Re: [RML] 'myxobacteriosis' (was Change of subject!!!)

Adrian Tappin (atappin at
Sun, 29 Aug 1999 16:31:24 +1000

At 11:21 28/08/99 -0500, Scott wrote:
>Hi Adrian!
> Sometimes others can get throught to a site and I can't and vice versa.
>(It sounds like majic to me...) If you already have seen this, sorry to
>waste your time. However here is the text from that page Hugo alluded to. In
>light of what you and others have been writing on and reporting on the
>topic, their's is either amusing or highly distressing. Lurking as I have on
>the RML has been very rewarding and your discussions of the fish
>"tuberculosis" leaves me very much in your debt.

Thanks Scott for the information and kind remarks. I guess the disease
everyone is referring to is the following section?

>Symptoms: Symptoms may include black patches on the body and fins. The body
>become bloated or swollen in some areas.
>Treatment: As far as I know, there is only one medication designed
>for myxobacteriosis--Phenocide by Aquatronics.
>Information: This infection is rather uncommon but fairly easy to treat. Its
>probability is intensified by overcrowding and poor water quality with high
>levels of ammonia and / or nitrites.

I don't know if the above is a spelling mistake or not, but there is a
bacterial disease caused from Myxobacteria (notice the x and not c). I've
come across this bacteria on a number of occasions when searching for
information on Mycobacteria. Below is an extract from an article by Vicki S.
Blazer that I found somewhere.

"All of the gram - bacteria that cause disease in fish are rods. They are
first differentiated on size - the short rods are 1-3 um while the long rods
are 4-12 um. The long rods belong to the group Myxobacteria. Three genera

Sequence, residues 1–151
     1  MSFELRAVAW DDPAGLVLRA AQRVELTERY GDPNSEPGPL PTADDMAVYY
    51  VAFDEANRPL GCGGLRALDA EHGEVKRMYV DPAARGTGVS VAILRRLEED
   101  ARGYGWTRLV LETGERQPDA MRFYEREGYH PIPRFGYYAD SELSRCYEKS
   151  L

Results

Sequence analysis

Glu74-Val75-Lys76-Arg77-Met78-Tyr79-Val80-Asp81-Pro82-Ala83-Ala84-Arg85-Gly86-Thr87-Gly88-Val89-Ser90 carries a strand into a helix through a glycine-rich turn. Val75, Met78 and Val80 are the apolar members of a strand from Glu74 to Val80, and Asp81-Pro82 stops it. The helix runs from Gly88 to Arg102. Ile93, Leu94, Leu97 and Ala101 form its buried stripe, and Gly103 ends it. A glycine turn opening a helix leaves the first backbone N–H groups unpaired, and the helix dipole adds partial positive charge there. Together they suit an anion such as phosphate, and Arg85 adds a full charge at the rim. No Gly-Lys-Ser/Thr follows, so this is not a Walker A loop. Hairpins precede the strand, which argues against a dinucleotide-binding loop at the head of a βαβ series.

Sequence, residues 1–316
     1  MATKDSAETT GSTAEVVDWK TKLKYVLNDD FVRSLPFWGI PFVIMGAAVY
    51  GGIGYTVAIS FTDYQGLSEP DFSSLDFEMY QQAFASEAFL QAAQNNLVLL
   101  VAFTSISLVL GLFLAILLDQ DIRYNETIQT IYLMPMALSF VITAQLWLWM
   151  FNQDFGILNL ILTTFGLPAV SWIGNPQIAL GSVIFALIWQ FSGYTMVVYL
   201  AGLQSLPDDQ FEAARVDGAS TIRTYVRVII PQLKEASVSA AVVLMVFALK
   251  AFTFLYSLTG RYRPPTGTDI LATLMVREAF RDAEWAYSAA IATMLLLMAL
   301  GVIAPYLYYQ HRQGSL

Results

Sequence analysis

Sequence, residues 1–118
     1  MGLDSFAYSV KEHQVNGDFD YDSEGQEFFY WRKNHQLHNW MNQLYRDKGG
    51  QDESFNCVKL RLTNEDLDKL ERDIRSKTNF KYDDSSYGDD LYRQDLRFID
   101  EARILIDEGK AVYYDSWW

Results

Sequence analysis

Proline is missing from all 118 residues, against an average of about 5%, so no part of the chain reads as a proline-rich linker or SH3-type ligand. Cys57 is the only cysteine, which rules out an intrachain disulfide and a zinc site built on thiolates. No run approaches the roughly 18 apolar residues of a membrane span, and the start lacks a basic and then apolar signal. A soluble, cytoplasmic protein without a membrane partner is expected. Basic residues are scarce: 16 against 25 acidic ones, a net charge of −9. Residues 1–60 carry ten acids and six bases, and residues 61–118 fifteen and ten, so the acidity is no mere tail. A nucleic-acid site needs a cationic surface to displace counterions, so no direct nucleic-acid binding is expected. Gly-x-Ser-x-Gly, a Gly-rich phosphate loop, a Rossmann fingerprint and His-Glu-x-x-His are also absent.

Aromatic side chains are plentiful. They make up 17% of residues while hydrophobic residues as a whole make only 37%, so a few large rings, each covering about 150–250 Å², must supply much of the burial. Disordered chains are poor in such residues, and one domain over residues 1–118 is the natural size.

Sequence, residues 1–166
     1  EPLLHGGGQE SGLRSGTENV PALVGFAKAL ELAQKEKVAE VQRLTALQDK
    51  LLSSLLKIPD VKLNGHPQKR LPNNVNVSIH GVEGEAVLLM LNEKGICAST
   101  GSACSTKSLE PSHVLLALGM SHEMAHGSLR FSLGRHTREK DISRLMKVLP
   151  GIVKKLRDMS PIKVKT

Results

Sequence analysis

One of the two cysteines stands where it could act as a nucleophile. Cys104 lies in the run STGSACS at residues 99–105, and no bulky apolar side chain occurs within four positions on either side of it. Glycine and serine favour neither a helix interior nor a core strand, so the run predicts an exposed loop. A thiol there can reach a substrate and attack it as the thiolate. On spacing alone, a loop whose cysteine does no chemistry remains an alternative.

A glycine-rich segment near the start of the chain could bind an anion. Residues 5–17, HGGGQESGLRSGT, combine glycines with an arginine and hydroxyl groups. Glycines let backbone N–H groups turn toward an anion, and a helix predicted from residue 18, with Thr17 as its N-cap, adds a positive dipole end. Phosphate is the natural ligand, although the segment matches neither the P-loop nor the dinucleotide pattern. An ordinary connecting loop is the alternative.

have been listed under this group - Sporocytophaga, Chondrococcus and
Cytophaga. The Chondrococcus have been changed to Flexibacter. The taxonomy
of this whole group is in the process of being re-evaluated. This group is
now referred to as the gram -, pigmented rods and it includes the long,
flexing, sometimes filamentous rods - Flexibacter and Cytophaga and also a
group of nonmotile, short to long rods - Flavobacterium. All of these
produce pigments - either yellow, orange or a reddish-orange pigment. These
are all now being studied using more sophisticated techniques such as DNA
homology and it appears that the warmwater isolates are different than the
coldwater isolates. It may be that all coldwater will be under Cytophaga and
the warmwater under Flexibacter. It's yet to be seen where the Flavobacteria
will be."

Vicki Blazer received a B.S. in Marine Science and Biology from Southampton
College of Long Island University in 1976. She worked for approximately 1
year as a biological aide at the National Marine Fisheries Service lab in
Milford, CT, where she acquired an interest in fish diseases and fish
immunology. She attended the University of Rhode Island from 1977-1982 where
her major professor was Dr. Richard Wolke, a veterinary pathologist. After
receiving a PhD in 1982, in Aquacultural Sciences and Pathology she accepted
a postdoctoral research position in the Medical Microbiology Department of
the College of Veterinary Medicine at the University of Georgia.

Here is another one mentioned in a product description:

"ARK-KLENS is particularly useful in treating external bacterial infections
such as Bacterial Gill Disease (BGD) where Myxobacteria are multiplying
within a film of mucus on the gills. The dual action of detergent and
bactericide is important since bacterial growth is inhibited and the mucus
lifted off by the detergent effect. As a treatment it is generally not as
useful as Chloramine T, it should be looked on as a symptomatic treatment
for clogged gills and other compounds should be used for elimination of
causal organisms."

Are you still on the list Denise Petty - perhaps you could give us some more


Adrian R. Tappin
Brisbane, Australia.
"Home of the Rainbowfish"